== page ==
That’s because we humans have an innate capacity to dial-in and tune-out simultaneously while performing complex, goal-oriented functions. It’s a useful evolutionary adaptation, really. Behind the wheel, you feel detached and protected from the unpleasant boredom of driving long distance, but you also flawlessly execute the relatively complex tasks of monitoring your speed, changing lanes, keeping track of other drivers, and avoiding hazards to arrive at your destination. Hunters describe a similar experience while tracking their quarry. Researchers refer to this as a “flow state”. Athletes often call it “the zone.” Whatever you call it, our ability to focus and detach all at once can help us achieve seemingly super-human ends.
But what if you arrive at your destination and you don’t want to stop? Or you feel you’d rather just stalk a deer forever instead of pulling the trigger? Dr. Dow Schüll’s theory, paraphrased, is that when the bliss of the “zone” feels better than achieving the goal, you end up stuck in the zone’s evil cousin, a “ludic loop.”
Of course, most people don’t drive in circles forever, stalk deer forever, or (to borrow a canard porn addiction skeptics often peddle) watch cute cat videos forever. They do, however, lose themselves in video slots and internet porn and social media.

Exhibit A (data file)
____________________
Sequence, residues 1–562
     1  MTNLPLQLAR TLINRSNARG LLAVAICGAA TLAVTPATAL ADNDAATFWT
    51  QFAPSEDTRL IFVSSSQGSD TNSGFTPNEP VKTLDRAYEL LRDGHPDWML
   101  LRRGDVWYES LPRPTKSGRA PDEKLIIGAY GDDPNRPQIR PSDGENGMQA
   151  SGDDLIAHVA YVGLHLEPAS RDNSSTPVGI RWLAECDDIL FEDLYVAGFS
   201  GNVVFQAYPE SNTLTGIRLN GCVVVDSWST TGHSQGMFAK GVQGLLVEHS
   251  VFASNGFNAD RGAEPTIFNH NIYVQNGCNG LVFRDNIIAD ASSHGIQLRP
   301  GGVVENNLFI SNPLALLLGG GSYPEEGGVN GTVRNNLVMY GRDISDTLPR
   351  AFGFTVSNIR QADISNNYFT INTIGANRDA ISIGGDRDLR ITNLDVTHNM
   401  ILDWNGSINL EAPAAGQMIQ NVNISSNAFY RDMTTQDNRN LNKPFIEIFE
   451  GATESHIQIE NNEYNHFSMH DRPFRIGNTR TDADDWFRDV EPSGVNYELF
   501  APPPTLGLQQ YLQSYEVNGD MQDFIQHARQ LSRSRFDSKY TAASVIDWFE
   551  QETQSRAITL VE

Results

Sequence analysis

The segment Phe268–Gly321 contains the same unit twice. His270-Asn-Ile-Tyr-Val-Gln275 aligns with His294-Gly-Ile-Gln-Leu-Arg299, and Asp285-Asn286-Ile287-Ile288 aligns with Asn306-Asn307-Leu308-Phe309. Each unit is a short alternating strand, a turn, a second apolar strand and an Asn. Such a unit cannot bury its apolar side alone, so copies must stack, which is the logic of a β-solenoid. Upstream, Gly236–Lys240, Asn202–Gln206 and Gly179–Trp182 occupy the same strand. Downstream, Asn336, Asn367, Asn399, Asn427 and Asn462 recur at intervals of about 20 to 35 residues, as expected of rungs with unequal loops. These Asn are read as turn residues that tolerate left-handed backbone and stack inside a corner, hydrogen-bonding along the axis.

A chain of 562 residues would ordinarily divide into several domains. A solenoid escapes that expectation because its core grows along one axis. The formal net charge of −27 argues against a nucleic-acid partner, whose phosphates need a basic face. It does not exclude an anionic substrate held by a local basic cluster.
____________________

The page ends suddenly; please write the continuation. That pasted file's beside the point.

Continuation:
Why is that? What makes some ludic loops so much more likely than others to arise, persist, and become problematic?
To answer those questions, we’ve taken a stab at modeling the factors we believe contribute to the existence and durability of ludic loops. This model isn’t particularly scientific (not even in the “dismal science” sense), but we hope our readers will see it as a reasonably constructive first pass at bringing some order to the complex origins of porn binges and other internet black holes that resemble the ludic loops Dr. Dow Schüll describes.
For starters, let’s go back to Dr. Dow Schüll’s explanation of a ludic loop as being “hooked into doing something that has no real reward, and the feeling of being trapped in that state of empty limbo becomes the reward in and of itself.” A simple inequality reflecting that explanation might look like this:
LV > AV
Where LV (“Loop Value”) stands for the value to the user of staying in a ludic loop, and AV (“Actual Value”) stands for the value to the user of achieving the “goal,” if any, of the underlying behavior.
To add precision to this inequality, based on personal experience, we suggest inserting a second variable such that a ludic loop forms and endures when:
LV > AV + PC
where PC (“Perceived Cost”) stands for the user’s immediate perception of the cost of staying in the ludic loop. In our experience, when PC is obvious, immediate, and tangible to a user – “If I keep scrolling I’ll be late for work” – the loop can break. Even if there is no value (or “reward”) in the underlying behavior, if the user clearly perceives the cost of entering and staying in a ludic loop as greater than the value of doing so, the loop won’t occur or persist for long.